Challenge: Multinationals cannot operate their far-flung employment operations as "silos" anymore. Business and legal imperatives in the global environment all but require headquarters to impose certain standards or rules on employees worldwide via an up-to-date global code of conduct.


Most major multinationals, particularly those based in the United States, seem to have issued a global conduct code that spells out certain rules that apply across their worldwide operations. Global codes of conduct vary substantially in purpose, content and focus. According to the International Labour Organisation, "Global codes of conduct do not have any authorized definition…[T]here is a great variance in the way these statements are drafted."

Indeed, "code of conduct" is not a term of art, but is merely a label put on a range of global and nongovernmental organization policies. In fact, many global policies labeled "code of conduct" have little to do with employment relationships. We find professional-association antitrust compliance codes of conduct, environmental-protection codes of conduct and advisory codes of conduct on topics like intellectual property and computer programming. These codes—while vital—are only loosely connected to a multinational's global efforts at legal and ethical human resources compliance.

Anchoring our code of conduct discussion here in the international employment context, we begin by distinguishing two very different types of codes: External supplier codes chiefly protect employees working for a multinational's suppliers from so-called "sweatshop" conditions, while internal ethics codes chiefly impose compliance rules on a multinational's own employees across its worldwide workforces. In a sense, these two global codes of conduct are actual opposites: External supplier codes seek to protect employees not on the code issuer's payroll while internal ethics codes seek to restrict (impose rules on) a code issuer's own employees. Some multinational codes of conduct try to combine these two into a single document—but effectively merging them is difficult because both the goals and the intended audiences differ.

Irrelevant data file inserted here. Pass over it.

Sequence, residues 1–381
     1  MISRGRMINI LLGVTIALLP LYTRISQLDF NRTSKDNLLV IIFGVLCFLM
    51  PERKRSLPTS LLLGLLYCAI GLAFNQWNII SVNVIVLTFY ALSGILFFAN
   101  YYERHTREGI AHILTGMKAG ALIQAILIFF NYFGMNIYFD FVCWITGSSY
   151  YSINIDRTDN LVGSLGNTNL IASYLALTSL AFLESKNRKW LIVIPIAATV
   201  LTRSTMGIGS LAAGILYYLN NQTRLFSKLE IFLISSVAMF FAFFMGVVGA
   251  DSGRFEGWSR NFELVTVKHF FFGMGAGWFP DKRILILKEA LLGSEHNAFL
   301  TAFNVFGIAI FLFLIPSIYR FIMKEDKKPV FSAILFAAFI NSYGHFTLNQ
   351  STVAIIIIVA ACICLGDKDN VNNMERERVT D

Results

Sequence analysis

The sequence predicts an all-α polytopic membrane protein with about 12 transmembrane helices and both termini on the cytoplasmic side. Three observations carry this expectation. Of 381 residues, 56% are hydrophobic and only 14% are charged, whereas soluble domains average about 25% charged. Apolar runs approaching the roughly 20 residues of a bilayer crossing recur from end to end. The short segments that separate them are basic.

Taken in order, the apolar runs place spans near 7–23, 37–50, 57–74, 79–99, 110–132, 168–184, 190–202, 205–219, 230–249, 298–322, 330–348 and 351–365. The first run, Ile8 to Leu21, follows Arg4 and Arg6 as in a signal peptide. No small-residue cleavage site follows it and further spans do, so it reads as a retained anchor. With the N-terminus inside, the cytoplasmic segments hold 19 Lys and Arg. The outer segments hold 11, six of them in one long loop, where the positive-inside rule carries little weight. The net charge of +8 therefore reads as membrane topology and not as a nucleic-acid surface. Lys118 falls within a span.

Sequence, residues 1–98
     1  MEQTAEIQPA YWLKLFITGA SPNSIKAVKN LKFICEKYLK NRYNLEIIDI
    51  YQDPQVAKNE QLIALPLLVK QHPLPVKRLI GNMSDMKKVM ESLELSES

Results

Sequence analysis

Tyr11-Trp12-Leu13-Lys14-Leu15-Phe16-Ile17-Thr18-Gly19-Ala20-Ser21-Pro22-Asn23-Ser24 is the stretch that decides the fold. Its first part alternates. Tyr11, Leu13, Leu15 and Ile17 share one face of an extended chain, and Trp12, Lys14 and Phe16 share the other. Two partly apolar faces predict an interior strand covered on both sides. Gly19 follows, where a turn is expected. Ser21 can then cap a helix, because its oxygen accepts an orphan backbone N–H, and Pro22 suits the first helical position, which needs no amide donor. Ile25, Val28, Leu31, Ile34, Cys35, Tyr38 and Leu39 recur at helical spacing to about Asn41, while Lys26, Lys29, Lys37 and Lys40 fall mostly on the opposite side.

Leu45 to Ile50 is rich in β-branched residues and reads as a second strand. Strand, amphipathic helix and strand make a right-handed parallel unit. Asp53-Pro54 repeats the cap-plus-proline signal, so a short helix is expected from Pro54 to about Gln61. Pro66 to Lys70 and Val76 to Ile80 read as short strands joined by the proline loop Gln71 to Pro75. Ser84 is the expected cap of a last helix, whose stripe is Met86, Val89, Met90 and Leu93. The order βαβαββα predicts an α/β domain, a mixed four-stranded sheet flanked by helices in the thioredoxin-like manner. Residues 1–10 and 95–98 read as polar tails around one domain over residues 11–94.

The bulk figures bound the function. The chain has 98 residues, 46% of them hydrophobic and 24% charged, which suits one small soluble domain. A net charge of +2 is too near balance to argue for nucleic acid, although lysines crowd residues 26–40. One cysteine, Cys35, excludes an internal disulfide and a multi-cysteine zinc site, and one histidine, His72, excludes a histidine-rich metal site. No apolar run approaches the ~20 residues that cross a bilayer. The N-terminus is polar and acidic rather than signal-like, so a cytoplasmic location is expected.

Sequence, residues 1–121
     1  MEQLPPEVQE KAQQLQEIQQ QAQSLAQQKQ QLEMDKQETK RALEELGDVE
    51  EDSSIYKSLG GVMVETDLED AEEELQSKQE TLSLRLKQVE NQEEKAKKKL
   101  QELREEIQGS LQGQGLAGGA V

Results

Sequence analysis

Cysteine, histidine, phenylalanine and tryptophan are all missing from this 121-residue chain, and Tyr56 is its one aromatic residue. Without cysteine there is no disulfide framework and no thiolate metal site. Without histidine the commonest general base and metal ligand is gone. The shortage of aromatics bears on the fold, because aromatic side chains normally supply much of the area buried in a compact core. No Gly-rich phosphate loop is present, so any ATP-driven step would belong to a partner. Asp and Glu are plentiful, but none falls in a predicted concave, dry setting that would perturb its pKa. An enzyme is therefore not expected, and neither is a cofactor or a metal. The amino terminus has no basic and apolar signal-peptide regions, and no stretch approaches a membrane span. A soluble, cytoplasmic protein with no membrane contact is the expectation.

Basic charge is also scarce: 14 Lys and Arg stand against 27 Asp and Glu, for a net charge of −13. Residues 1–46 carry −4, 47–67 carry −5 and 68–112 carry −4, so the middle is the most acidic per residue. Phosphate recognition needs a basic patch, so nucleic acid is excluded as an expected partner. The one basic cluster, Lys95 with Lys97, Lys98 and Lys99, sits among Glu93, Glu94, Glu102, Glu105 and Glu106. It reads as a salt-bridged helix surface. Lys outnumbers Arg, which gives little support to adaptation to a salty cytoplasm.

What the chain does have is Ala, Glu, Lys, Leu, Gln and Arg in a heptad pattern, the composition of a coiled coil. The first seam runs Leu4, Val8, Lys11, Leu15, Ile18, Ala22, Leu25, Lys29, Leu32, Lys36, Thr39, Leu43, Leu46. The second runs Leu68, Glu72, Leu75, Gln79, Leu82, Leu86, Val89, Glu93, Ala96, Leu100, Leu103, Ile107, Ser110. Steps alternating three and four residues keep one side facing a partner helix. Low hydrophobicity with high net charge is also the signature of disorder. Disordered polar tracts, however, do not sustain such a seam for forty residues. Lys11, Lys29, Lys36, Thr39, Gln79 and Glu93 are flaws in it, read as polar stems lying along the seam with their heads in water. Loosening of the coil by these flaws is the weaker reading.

Pointer: Drafting and launching a viable code of conduct raises various issues, from type of code to content of code to implementation of code. Treat a global code of conduct launch (or relaunch) as a project and manage it with a sound strategy.